Mark Gatiss wrote The Hounds of Baskerville, which investigates the strange activities at a military base. Aware that The Hound of the Baskervilles, first published in 1902, was one of the most famous of Conan Doyle’s original stories, Gatiss felt a greater responsibility to include familiar elements of the story than he does when adapting the lesser-known stories. Russell Tovey appeared as Henry Knight, a man whose father was ripped apart by a gigantic hound on Dartmoor 20 years earlier. Directed by McGuigan, the episode was first broadcast on January 8, 2012.

The second series concluded with The Reichenbach Fall. Steve Thompson wrote the episode, which was directed by Toby Haynes, who had previously directed many of Moffat’s Doctor Who episodes. First broadcast on January 15, 2012, the episode follows Moriarty’s plot to discredit and kill Sherlock Holmes, concluding with Holmes faking his suicide. It was based upon Conan Doyle’s story The Final Problem, in which Sherlock and Moriarty are presumed to have fallen to their deaths from the Reichenbach Falls in Switzerland. Moffat felt that he and co-creator Gatiss had outdone Conan Doyle in their version of Holmes’ fall and Moffat added that, in that much-discussed sequence, there was still “a clue everybody’s missed”.



Christmas mini-episode (2013)

BBC One premiered a seven-minute Sherlock mini-episode over the 2013 Christmas period entitled Many Happy Returns. The episode is available via BBC iPlayer, BBC Red Button service, and BBC’s YouTube channel, and acts as a prequel to the third series.

The synopsis for the episode reads “Sherlock has been gone for two years. But someone isn’t quite convinced that he’s dead.” The “someone” turns out to be Anderson, the forensics technician from series 1 and 2 (who has now lost his job due to his obsessive conviction that the detective still lives). He had a long-standing mistrust of Sherlock, yet is now one of the few people who believes Sherlock is alive, and throughout the episode is trying to convince Lestrade. Anderson tracks him via various mysterious events from Tibet to New Delhi to Germany in which he seems to be involved and points out that the incidents are getting progressively closer to London.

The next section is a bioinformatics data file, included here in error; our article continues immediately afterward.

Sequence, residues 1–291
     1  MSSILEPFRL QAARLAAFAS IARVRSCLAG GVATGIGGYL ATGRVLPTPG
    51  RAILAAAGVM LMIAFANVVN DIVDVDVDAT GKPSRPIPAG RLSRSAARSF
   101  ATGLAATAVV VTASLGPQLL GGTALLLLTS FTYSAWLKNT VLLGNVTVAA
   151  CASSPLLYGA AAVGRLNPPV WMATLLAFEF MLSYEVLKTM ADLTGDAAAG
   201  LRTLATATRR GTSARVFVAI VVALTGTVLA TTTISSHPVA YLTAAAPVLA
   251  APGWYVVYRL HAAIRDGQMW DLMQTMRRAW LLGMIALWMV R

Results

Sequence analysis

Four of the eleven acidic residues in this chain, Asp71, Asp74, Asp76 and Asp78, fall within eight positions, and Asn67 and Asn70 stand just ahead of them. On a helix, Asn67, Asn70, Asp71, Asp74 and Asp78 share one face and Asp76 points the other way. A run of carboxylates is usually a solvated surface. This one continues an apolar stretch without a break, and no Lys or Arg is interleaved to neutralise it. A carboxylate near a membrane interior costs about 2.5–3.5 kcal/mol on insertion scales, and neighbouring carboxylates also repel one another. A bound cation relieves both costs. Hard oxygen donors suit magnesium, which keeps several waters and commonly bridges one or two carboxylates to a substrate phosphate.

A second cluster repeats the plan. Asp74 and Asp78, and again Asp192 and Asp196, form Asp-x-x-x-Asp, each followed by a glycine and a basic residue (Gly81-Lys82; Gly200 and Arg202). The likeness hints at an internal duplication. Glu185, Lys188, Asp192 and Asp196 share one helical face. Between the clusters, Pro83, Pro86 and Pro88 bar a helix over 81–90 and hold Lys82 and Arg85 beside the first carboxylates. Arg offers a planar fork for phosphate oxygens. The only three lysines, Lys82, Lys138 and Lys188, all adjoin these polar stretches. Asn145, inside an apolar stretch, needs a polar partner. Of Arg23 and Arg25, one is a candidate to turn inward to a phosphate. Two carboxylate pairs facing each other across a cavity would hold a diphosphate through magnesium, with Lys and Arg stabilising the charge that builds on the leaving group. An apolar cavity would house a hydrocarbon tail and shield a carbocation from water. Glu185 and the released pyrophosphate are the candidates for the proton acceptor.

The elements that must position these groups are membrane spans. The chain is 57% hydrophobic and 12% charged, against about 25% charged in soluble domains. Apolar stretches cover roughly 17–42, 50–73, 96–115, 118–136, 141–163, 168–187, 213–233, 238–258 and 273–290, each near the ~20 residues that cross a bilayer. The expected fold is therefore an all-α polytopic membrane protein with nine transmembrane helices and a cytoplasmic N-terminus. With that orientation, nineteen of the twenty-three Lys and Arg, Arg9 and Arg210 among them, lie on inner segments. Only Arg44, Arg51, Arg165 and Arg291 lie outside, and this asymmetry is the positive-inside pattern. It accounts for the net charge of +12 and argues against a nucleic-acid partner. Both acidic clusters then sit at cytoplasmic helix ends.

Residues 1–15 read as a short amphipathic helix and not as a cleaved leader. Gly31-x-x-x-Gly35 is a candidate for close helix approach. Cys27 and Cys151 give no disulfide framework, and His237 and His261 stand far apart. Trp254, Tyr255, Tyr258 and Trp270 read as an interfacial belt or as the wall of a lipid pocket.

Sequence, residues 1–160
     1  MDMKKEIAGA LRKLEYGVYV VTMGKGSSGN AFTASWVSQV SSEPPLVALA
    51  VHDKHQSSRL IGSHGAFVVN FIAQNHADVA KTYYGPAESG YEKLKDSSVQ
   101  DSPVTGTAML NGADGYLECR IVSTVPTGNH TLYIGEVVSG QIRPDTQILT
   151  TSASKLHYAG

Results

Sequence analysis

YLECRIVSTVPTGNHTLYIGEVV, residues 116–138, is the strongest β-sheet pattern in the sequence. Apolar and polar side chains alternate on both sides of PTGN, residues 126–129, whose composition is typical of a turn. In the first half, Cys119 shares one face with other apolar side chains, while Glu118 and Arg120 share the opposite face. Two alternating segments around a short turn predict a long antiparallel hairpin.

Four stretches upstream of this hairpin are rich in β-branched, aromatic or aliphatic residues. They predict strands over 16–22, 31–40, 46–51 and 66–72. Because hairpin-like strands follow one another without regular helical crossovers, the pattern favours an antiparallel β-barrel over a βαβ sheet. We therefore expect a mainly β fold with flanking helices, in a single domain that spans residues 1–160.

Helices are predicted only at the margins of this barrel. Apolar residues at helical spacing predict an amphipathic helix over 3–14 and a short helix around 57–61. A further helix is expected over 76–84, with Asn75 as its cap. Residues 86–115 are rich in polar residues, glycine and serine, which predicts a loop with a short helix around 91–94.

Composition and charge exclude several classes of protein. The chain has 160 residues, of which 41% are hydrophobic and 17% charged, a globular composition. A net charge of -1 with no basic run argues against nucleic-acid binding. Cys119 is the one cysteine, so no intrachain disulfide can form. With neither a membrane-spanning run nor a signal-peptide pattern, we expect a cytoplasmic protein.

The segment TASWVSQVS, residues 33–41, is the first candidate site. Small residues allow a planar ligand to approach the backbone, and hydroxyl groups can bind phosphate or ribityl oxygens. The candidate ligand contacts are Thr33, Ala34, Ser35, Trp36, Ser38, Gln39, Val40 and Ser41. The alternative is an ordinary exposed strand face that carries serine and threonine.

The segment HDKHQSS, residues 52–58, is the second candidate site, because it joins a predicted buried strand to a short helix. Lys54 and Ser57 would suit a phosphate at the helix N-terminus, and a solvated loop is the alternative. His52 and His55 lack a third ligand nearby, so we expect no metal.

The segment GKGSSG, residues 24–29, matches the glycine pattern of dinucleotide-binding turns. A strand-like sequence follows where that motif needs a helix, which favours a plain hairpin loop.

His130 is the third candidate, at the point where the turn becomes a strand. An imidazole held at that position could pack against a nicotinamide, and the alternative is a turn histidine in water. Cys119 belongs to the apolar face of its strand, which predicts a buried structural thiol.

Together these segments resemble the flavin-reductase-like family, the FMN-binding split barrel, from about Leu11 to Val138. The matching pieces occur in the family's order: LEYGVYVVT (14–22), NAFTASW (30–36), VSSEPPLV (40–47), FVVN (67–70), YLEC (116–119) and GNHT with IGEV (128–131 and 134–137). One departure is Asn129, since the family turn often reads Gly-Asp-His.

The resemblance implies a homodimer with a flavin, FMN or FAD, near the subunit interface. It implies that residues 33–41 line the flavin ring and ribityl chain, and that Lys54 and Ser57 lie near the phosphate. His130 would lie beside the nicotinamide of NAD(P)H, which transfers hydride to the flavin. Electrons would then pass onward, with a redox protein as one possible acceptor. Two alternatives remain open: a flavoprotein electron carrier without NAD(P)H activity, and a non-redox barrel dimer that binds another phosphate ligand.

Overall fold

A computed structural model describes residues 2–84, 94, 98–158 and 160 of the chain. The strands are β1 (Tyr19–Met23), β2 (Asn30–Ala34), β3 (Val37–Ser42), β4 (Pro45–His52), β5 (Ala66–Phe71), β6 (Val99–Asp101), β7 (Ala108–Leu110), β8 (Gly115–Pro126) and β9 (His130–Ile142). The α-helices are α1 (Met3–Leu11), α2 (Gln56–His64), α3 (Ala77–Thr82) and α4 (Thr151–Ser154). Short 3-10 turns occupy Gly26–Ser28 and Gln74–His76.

Series 3 (2014)

After the end of the final episode of the second series, Moffat and Gatiss both announced on Twitter that a third series had been commissioned at the same time as series two, and a part of the resolution to The Reichenbach Fall was filmed concurrently with series two. Without revealing whether Moriarty also faked his own death at the end of series two, Moffat suggested that Moriarty will not feature heavily in future series of Sherlock.

The Empty Hearse, written by Mark Gatiss and directed by Jeremy Lovering, is the first episode of Series 3 and was first broadcast on January 1, 2014. Inspired by The Adventure of the Empty House by Sir Arthur Conan Doyle, the episode follows Sherlock Holmes’ return to London and reunion with John Watson, and their subsequent solving of an underground terrorist network. The episode achieved an official rating of 12.72 million viewers, making it the highest rated drama episode shown on UK television in 2014.

In The Sign of Three, written by Stephen Thompson, Mark Gatiss and Steven Moffat, Watson and Mary Morstan get married. The episode takes place during the wedding reception and the story is told through flashbacks. The episode title is inspired by The Sign of the Four and was first broadcast on January 5, 2014.

The final episode His Last Vow was first broadcast on January 12, 2014, on BBC One, and written by Steven Moffat, directed by Nick Hurran and is based on Sir Arthur Conan Doyle’s The Adventure of Charles Augustus Milverton. This case leads Sherlock into conflict with Charles Augustus Magnussen (Lars Mikkelsen), a “terrifying” villain who was introduced as an unnamed villain in episode one. Mary Morstan and Sherlock Holmes both break into Magnussen’s office, where, having surprised each other, Mary shoots Sherlock. Later, Holmes deduces that Mary was formerly a secret agent, and reveals this to Watson. Holmes and Watson try to get Magnussen arrested, but their attempt fails, and Holmes shoots Magnussen to stop him from blackmailing Mary Watson. Mycroft arranges that Sherlock will be exiled from the United Kingdom instead of being tried for murder. As Sherlock’s plane takes off, every video screen in London broadcasts the image of Moriarty, and Sherlock is recalled to deal with the crisis associated with Moriarty’s potential return.

The third series aired in the United States on PBS over a period of three weeks, airing late January to early February 2014.



Special (2016)

On July 2, 2014, it was announced there would be a special episode broadcast between the third and fourth series. Filming began on January 5, 2015 and wrapped on February 10, 2015. Moffat confirmed the episode is set in Victorian London, saying, “The special is its own thing. We wouldn’t have done the story we’re doing, and the way we’re doing it, if we didn’t have this special. It’s not part of the run of three episodes. So we had this to do it ... It’s kind of in its own little bubble.”